CLOSE

NHL Expansion and Relocation, 1942-Present

Last year, we made a map showing the history of NHL team relocation and expansion from the Original Six in 1942 to the current 30 teams in 2014. This year, we decided to improve the map and also show how the logos of each team changed over time. As you can see, most teams stuck to a basic design, but others experimented with a variety of different ideas and images. 

The timeline is as follows:

1942-1967: The Original Six era of the NHL. The teams are the Boston Bruins, the New York Rangers, the Chicago Black Hawks, the Montreal Canadiens, the Toronto Maple Leafs, and the Detroit Red Wings.

1967-1970: Six new teams are introduced, doubling the number of teams in the league. The new additions are the California Seals (changed to the Oakland Seals that same year), the Los Angeles Kings, the Minnesota North Stars, the Philadelphia Flyers, the St. Louis Blues, and the Pittsburgh Penguins. 

1970-1972: The league makes two more additions: the Buffalo Sabres and the Vancouver Canucks. The Oakland Seals have a second identity crisis and switch their name to the California Golden Seals. 

1972-1974: The New York Islanders and the Atlanta Flames join the league.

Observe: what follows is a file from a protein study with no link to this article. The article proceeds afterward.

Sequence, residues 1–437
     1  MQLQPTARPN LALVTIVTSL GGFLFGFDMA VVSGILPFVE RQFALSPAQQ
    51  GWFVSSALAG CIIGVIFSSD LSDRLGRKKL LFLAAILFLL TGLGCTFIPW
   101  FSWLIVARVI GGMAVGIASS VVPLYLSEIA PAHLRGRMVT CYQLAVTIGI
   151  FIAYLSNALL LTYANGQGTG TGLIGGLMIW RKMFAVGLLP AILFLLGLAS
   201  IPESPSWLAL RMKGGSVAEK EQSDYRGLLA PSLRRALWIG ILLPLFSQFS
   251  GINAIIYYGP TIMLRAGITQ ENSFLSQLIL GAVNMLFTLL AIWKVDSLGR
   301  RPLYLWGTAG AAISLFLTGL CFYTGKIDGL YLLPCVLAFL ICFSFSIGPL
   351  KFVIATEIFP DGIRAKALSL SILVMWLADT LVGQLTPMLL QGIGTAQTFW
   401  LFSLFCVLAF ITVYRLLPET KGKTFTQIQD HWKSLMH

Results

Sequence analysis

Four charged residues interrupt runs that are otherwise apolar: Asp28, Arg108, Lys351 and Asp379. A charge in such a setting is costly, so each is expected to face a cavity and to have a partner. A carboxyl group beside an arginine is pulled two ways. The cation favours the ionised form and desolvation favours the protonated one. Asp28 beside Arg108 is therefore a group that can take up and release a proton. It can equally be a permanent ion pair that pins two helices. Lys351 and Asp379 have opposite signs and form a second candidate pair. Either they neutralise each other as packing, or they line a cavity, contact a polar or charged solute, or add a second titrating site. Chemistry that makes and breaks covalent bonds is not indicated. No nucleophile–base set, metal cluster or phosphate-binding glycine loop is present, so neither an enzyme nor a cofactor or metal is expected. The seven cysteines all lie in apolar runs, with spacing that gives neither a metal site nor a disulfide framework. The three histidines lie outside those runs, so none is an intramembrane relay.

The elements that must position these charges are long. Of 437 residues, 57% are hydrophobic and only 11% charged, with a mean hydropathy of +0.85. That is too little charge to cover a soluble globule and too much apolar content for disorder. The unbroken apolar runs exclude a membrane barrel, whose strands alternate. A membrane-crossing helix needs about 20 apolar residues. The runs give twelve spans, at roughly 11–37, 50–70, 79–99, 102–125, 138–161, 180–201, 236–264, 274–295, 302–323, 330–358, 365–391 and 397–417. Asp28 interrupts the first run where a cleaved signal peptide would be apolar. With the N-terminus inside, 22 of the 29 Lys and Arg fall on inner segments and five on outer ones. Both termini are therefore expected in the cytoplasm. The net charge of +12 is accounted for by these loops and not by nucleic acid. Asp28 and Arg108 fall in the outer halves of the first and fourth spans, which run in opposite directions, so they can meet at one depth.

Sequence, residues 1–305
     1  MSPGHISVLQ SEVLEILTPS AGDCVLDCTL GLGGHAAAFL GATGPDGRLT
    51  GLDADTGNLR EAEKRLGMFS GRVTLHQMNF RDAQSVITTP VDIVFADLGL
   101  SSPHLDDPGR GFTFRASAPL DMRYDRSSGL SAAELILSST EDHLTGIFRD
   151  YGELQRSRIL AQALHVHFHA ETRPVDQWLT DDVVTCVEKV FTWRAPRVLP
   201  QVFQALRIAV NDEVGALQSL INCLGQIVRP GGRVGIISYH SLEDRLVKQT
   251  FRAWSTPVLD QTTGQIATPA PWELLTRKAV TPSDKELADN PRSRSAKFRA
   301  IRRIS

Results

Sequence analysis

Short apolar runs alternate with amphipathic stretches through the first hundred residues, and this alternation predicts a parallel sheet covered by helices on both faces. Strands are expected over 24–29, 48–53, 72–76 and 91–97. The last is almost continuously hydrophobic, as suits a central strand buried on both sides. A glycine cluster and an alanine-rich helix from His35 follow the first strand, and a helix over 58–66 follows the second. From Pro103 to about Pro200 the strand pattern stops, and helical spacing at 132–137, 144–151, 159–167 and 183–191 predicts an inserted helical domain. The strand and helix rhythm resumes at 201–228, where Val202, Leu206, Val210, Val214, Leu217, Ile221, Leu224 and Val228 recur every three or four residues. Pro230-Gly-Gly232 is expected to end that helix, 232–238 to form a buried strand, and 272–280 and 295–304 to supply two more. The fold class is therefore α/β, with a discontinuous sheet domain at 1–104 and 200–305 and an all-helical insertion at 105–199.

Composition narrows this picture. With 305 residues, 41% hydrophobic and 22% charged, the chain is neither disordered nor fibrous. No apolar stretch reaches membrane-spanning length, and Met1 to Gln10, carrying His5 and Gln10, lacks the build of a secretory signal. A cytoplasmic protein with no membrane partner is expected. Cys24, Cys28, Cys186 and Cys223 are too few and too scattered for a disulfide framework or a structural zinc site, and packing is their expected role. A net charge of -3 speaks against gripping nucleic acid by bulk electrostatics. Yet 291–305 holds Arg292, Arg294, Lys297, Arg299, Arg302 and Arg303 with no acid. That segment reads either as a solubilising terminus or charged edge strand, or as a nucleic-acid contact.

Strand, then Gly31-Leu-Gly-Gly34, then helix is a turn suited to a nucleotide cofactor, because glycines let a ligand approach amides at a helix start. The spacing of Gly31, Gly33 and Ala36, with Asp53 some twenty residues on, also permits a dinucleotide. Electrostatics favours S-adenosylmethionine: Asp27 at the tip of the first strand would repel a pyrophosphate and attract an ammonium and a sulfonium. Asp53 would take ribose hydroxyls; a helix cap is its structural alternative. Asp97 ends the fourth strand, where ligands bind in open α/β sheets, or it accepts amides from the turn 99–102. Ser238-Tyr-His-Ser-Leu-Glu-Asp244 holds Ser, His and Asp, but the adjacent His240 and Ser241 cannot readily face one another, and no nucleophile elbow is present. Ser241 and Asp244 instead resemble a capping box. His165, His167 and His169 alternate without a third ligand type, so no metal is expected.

1974-1976: The Kansas City Scouts and the Washington Capitals join the league, making the total number of teams now 18. 

1976-1978: The California Golden Seals franchise moves, becoming the Cleveland Barons. The Kansas City Scouts also relocate to Colorado to become the Rockies. 

1978-1979: The Cleveland Barons merge with the Minnesota North Stars and the number of teams drops to 17. 

1979-1980: Four teams from the short-lived World Hockey Association join the NHL: the Edmonton Oilers, the Hartford Whalers, the Quebec Nordiques, and the Winnipeg Jets. 

1980-1982: The Atlanta Flames move to Calgary and become the Calgary Flames.

1982-1991: The Colorado Rockies relocate and become the New Jersey Devils. The Chicago Black Hawks make a minor tweak and change their name to the Blackhawks. 

1991-1992: The San Jose Sharks join the league to kick off the beginning of the rapid expansion era of the '90s. There are now 22 teams. 

1992-1993: The Ottawa Senators and the Tampa Bay Lightning join the league, which now has a total of 24 teams.

1993-1995: The following season, the Minnesota North Stars move to become the Dallas Stars. The Florida Panthers and the Anaheim Mighty Ducks begin to play.

1995-1996: The Quebec Nordiques are now the Colorado Avalanche. 

1996-1997: The Winnipeg Jets become the Phoenix Coyotes. 

1997-1998: The Hartford Whalers move and become the Carolina Hurricanes. 

1998-1999: The Nashville Predators become the 27th team in 1998. 

1999-2000: The Atlanta Thrashers begin to play in 1999. There are now 28 teams. 

2000-2011: The Columbus Blue Jackets and the Minnesota Wild become the NHL's two newest additions in 2000. The Anaheim Mighty Ducks become the Ducks after Disney sells the team, just in time for the 2006 season.There are now 30 teams.

2011-2014: The Atlanta Thrashers move to become the new Winnipeg Jets. 

2014-2015: The Phoenix Coyotes change their name to the Arizona Coyotes. 

The Afternoon Map is a semi-regular feature in which we post maps and infographics. In the afternoon. Semi-regularly. 

arrow
Afternoon Map
Monthly Internet Costs in Every Country